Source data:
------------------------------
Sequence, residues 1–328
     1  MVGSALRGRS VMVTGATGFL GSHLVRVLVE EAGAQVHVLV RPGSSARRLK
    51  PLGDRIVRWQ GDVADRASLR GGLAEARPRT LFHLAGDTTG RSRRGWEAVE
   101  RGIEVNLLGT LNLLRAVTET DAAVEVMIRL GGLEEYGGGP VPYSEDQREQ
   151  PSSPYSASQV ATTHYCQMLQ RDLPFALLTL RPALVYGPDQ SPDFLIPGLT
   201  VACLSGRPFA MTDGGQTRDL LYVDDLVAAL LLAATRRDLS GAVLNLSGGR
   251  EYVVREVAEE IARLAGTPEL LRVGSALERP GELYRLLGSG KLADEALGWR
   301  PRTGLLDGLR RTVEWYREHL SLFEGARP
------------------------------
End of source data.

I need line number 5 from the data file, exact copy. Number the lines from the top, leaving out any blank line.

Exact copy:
   151  PSSPYSASQV ATTHYCQMLQ RDLPFALLTL RPALVYGPDQ SPDFLIPGLT